This relationship extends to the payment terms. Especially in retail, the payment terms are often very favorable to the suppliers. These may include payment at sight of documents, payment at FOB port, or sight plus 15 days. For an international shipment, the goods are typically paid for well before they arrive at the final destination. Days are tied up in international transportation, as well as the journey through the inland transport, the distribution center and the retail stockroom before finally getting to the shelf and being purchased by the end consumer.

Consequently, the importer may have weeks or even months of cash outlay prior to selling the goods, leading more importers to look for payment alternatives and extended terms. Alternative payment methods could include changing from a traditional letter of credit to a Private Label Letter of Credit, or Open Account payment process, and payment terms of 30, 45 or 60 days. As with other aspects of the buyer-supplier relationship, changing payment terms leads to tradeoffs.

One benefit of moving away from letters of credit is lower transaction fees from the banking channel and less paperwork; tradeoffs include reduced access to financing for the supplier, as well as increased transactional risk to both parties. There are typically many options available for a business with good credit— and also for those with less-than-ideal credit. This is a conversation for the treasury department to have with the company’s financial service providers.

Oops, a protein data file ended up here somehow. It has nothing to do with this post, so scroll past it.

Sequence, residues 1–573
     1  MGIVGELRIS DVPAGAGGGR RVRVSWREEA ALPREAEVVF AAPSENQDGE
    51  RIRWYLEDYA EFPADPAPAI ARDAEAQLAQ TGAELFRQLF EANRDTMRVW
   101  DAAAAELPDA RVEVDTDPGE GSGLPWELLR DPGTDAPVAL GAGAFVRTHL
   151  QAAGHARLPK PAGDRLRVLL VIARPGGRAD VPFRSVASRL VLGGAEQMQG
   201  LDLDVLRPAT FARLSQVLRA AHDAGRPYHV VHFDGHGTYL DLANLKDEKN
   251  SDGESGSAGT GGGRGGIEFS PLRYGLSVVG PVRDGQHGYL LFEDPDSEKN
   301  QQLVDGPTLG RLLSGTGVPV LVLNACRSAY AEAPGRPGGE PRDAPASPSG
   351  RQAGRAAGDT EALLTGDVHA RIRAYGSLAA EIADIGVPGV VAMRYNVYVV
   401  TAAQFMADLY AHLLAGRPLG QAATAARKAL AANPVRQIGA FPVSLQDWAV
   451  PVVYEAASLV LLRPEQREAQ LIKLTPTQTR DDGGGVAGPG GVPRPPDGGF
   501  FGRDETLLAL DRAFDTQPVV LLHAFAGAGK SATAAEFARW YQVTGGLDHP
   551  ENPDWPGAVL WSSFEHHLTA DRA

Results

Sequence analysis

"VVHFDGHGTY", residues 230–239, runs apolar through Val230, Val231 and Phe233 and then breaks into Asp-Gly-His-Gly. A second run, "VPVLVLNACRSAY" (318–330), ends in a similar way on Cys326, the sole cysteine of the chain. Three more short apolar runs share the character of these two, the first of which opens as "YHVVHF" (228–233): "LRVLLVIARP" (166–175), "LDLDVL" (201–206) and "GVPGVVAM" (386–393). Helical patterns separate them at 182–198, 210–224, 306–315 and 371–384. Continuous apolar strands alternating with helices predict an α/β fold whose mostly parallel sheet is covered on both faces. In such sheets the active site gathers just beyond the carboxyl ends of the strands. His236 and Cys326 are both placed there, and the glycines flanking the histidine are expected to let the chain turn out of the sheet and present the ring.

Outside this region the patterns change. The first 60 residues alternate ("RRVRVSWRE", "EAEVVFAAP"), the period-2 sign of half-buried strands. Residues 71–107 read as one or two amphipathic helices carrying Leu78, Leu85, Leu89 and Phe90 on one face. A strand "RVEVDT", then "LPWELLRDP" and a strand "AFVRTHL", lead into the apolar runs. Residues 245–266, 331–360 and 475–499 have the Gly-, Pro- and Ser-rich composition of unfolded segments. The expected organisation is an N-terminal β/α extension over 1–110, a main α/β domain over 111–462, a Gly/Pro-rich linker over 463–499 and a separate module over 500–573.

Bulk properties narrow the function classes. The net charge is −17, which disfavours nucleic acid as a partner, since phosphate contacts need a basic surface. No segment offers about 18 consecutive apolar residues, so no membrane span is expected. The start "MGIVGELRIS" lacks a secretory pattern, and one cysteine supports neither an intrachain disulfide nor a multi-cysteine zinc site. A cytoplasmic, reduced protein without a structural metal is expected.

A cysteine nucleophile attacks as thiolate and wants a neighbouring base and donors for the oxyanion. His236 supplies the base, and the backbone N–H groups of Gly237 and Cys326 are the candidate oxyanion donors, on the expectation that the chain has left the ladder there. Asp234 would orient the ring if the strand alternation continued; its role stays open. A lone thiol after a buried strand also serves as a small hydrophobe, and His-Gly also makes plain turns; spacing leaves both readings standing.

Another option is to reduce the risk of currency fluctuation by buying the goods in local currency. Typically most buyers in North America purchase their goods in US dollars. The recent decline of the dollar’s strength has resulted in suppliers getting less “real money” for their goods by the time they are paid. Contracts and prices are negotiated months in advance; in some cases a negative fluctuation could spell the difference between profit and loss for a supplier. Some importers are choosing to manage the currency risk through their own bank and remove the risk for the supplier/exporter. An additional benefit is it gives the importer more control over their capital and allows currency risk to be built into the product from the start, instead of seeing the costs gradually creep up over subsequent seasons while the supplier is trying to hedge risk.

Everyone Wins!
The above is not to say every supplier/buyer relationship is as valuable as the next. However it is important to realize that companies invest a lot of time, effort, and money to find qualified suppliers. Once the buyer secures a relationship with such a supplier, it should be constantly nurtured with the intention to grow further. This can only be accomplished when both the supplier and buyer develop a relationship that emphasizes compliance with international regulations, mutually acceptable conduct guidelines and strategic financing options.

Sara Ireton has been involved in the international trade environment for more than 15 years. She has worked with vendors, suppliers, service providers and clients globally, covering issues from origin operations and customer service to supply chain visibility and quality. Prior to joining JPMorgan, Sara worked for a UK-based supply chain management (SCM) software company. Prior to that, she spent several years at a freight forwarder and customs broker, both in local and international operations and at the corporate IT level. Her operations background has been an excellent foundation for working in the international supply chain industry.